2) Think you’re getting the hang of things, and your Lindy hop is feeling good? Great. Keep taking classes. Take beginner classes. Pay attention to how the instructors teach. Be humble. When you start thinking that you’re really good is when you stop improving. And no one likes an ass.
3) Smile.

** Anything else?
Yeah. One thing I tell a lot of advanced students is to not stop dancing with beginner dancers. If you just dance with peers who are the same or a higher level than you, they’ll often adapt and cover for your mistakes. Dance with lower level dancers so you learn how to adapt and cover for theirs. One of the main reasons why I continue to love dancing is because I feel that I have the capability to make a dance enjoyable for my partner; seeing her or his smile makes all the difference for me. Because of this, I’ve never stopped enjoying dancing with beginners: they smile all the time!

Heartland Swing Festival 2011

I’ll be honest, I never thought I’d end up in Des Moines, IA (pronounced duh-Moyne), but this past weekend I got to visit a new state. As per usual, I didn’t see much of the city, but I did have a great time at the event. Here’s the run down.

Housing

We stayed at the Renaissance Hotel and had a pimp room. Not only did we have our own bed (yes, that is something to brag about) but we each had our own bathrooms!! That has never happened before. I’m guessing it was because we were at the very back corner of the hotel with the stunning view of two parking lots. 😀

The hotel restaurant and bar were also pretty good. In the mornings, Kev and I went down for breakfast and grabbed food from the buffet. Yeah for fresh fruit!! I only ate dinner at the restaurant one night but mmmm-mmmm it was really, really good. On Sunday night, a bunch of us got together and grabbed drinks at the bar before saying goodbye and again, they had some nice drinks.

Bonus: the hotel was a 5 minute drive away from the dance.

Double bonus: one of the classrooms was on the second floor of the hotel so Kev and I got to roll up to our room and hang out during lunch. Again, that was another first for us.

Noteworthy:  Fastest elevator I’ve ever been in. Hahha, I clearly just got back from Europe where the elevators are small and slow. The Renaissance also had a free airport shuttle. I’m pretty sure Michael was pretty pleased come 7am on Monday morning. :p

Fellow Instructors

We kicked it with Peter & Naomi and Tiff & Kenny this past weekend. I’m starting to see Peter and Naomi more regularly and I have to say, it’s really nice to see familiar faces while on the road. It’s like I get to see my friends at work!! Ah, the small luxuries in life.

Other fab people who were there teaching: Jon Tigert and Mandy Spencer (2010 CJC Champion), Mikey Brafford and Eve Johnson, Jenna Stworzyjanek, Oscar Hampton, Dee Daniels-Locke, and Kenna Sarge & Voice of Culture.

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Temple For Performing Arts – Grand Hall

Uh, yeah. GLORRRRRRRRIOUS.

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Performance

Kenna Sarge & Voice of Culture (Minneapolis, MN) performance on Friday night blew me out of the water. It was incredible. Their drumming and dancing was super hot and their rhythms were incredible. I hope someone posts a video of it!!

I’d also like to note that Kevin and I didn’t perform this weekend. It’s a rare occasion that we don’t perform and I will admit, I enjoyed getting to watch performances all weekend long. That being said, I’m a little sad I didn’t get to perform because I enjoy it so much, but the kids in class got to see me do my thing just a little bit during demos. *smile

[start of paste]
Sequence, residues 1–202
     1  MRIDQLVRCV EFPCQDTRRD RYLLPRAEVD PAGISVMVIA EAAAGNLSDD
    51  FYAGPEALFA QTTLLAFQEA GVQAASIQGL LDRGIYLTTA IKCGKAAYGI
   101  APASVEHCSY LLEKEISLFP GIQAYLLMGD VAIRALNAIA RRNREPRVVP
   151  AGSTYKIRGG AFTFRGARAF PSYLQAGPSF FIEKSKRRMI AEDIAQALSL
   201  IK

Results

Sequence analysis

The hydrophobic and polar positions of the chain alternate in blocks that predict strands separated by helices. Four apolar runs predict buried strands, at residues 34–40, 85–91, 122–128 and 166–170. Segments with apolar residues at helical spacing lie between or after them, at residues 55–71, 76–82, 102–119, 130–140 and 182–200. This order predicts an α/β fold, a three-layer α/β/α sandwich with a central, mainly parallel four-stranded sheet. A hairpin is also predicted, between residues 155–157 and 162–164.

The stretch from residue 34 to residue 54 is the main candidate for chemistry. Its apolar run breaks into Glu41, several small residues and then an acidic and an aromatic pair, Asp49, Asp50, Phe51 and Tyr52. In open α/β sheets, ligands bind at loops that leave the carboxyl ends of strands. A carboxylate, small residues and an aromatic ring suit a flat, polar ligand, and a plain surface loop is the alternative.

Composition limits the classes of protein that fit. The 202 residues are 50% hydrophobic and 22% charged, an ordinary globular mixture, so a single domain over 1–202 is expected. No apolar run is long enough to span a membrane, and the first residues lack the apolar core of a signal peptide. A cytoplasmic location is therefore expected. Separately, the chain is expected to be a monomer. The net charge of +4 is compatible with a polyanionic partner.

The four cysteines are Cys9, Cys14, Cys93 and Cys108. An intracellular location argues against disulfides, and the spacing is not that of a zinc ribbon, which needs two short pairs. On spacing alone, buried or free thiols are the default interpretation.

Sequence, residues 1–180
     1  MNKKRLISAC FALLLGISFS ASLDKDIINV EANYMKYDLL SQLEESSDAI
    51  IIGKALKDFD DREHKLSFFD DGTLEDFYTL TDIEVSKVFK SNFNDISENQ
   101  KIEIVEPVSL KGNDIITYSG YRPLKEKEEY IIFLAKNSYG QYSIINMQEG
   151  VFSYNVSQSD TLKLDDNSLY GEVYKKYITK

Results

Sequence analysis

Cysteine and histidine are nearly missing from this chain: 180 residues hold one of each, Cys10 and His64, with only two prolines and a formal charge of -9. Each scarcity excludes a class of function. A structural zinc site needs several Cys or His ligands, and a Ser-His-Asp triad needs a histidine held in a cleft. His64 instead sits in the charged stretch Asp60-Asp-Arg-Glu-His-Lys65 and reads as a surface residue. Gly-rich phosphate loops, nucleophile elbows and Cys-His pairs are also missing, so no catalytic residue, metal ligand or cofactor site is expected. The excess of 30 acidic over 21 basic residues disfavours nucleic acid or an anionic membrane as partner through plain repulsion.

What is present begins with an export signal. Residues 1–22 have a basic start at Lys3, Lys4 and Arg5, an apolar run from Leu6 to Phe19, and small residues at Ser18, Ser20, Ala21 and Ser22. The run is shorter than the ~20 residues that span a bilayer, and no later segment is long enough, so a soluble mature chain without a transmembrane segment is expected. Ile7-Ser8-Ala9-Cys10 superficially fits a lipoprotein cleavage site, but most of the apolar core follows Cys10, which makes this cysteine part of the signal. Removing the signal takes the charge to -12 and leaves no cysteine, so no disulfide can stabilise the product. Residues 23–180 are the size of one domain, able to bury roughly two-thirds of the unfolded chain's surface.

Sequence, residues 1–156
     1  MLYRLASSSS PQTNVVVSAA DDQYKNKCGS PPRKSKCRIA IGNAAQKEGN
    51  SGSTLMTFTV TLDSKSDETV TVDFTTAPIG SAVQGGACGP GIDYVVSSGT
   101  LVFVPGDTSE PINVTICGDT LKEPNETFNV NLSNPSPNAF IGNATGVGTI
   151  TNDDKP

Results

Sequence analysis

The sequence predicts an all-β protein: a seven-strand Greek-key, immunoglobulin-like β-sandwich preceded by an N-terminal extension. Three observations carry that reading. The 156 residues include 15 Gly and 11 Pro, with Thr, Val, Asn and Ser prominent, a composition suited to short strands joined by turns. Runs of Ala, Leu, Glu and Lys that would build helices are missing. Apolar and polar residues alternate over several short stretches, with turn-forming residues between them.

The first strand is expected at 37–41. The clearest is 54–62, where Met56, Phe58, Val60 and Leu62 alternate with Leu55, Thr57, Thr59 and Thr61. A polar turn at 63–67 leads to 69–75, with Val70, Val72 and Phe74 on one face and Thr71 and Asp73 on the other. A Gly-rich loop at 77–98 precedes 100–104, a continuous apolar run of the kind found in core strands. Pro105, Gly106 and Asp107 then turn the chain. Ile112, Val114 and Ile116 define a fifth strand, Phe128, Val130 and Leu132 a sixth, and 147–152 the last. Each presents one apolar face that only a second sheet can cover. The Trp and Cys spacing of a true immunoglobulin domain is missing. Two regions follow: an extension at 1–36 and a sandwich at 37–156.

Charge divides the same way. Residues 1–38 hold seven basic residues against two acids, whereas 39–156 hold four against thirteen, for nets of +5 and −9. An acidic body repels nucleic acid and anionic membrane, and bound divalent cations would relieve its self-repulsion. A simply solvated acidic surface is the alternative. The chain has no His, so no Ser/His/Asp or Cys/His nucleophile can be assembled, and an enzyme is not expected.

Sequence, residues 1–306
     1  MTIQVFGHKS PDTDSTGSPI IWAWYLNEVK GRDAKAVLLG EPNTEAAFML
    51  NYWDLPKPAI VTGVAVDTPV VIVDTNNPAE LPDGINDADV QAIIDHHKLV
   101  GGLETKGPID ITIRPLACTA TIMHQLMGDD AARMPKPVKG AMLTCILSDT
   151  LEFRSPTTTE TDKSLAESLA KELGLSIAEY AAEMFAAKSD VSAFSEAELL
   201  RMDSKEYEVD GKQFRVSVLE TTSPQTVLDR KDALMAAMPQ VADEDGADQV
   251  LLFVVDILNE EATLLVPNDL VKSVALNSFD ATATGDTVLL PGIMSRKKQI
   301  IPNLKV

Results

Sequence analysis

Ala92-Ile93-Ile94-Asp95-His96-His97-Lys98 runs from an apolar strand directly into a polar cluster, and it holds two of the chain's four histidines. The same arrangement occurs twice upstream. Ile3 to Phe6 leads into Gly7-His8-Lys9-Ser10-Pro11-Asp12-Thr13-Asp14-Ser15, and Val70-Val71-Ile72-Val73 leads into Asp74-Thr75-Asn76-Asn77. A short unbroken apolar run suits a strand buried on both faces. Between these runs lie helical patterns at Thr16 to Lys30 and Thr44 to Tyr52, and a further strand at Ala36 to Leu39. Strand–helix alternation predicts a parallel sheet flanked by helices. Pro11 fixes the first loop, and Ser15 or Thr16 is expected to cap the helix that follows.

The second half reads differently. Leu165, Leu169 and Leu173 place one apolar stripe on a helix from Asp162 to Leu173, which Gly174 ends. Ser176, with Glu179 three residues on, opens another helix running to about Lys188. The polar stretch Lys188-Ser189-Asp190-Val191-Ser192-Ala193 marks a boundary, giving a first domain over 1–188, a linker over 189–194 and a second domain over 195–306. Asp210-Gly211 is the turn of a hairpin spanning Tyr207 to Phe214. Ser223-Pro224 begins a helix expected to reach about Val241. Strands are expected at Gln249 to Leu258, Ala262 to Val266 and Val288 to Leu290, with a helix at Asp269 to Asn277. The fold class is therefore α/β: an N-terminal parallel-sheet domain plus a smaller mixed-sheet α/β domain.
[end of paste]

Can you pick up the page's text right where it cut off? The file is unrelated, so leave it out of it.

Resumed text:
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Classes

The upper-level class was impressively good. I wasn’t expecting such a high level. 🙂 Kevin and I got to talk about the difference between rock steps and syncopated rock steps, walking and triple stepping, and bouncing & pulsing. Even more impressive was the fact that people stayed in class even though we had African Drumming going on in the room next door. That was above and beyond the noisiest class I’ve ever been in. Hahah, and I have to apologize, again, to the class for my tourette-like outburst in class. I did think it was funny though.

In our 2-part aerial class, wee covered the Fundamentals of Basing and Flying, a Flying Baby Doll, and finally The Cupcake. We wanted to teach the cupcake unless we had a few students who already learned it. We did have a couple in there that already knew how to do it, so we gave them specific pointer while everyone else learned the pieces. We also showed drags at the end of the flying baby doll and the cupcake, but didn’t have time to go over them. Here’s a rundown on how to do drags/lunges.

For the ladies who asked me a number of questions about turns, here are some more tutorials on the details of turning. The guys worked on spinning on one foot and more info about that can be found here.

A little secret for you: I LOVE teaching in the US. Why? Because people speak American (yes, I said it!) and, more importantly, they know the same cultural references that I do!! I’m hilarious (if I do say so myself) in class, but often times only a few pop-culture junkies fully understand me when I’m abroad. Iowa, thank you for understanding my humor and laughing WITH me. I really, really appreciated it.

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Staff

A big THANK YOU to all the DJs, Bands, and volunteers. Without you guys, an event just wouldn’t run!! Thank you for grabbing us hot chocolate, chai lattes, lunch and bottles of wine. Ooh, and thank you for the rides!

Contest Results

Any Swing Goes – Christian Frommelt & Jenny Shirar
Same Gender – Anthony Chen & Jeremy Russell Nelson Fischer
Team – Swing Dings
Vintage Jazz – Morgan Kestner
Jack & Jill – Anthony Chen & Cassie Stoa
Slow Lindy – Anthony Chen & Chelsea Dvorchak
And congratulations to Rae Mullica for winning Miss Heartland Vintage Pin-up Contest!! To see all the contestants, click here to be redirected to facebook.

Video coming soon!!!

A Flickr photostream from the event!

Photos on Facebook from the event.